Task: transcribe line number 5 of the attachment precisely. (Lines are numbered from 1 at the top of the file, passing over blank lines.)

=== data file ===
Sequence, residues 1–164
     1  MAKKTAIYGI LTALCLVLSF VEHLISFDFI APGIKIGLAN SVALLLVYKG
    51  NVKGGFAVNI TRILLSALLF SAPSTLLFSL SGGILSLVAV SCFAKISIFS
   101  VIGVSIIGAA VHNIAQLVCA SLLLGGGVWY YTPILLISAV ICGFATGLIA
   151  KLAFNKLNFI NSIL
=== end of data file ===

   151  KLAFNKLNFI NSIL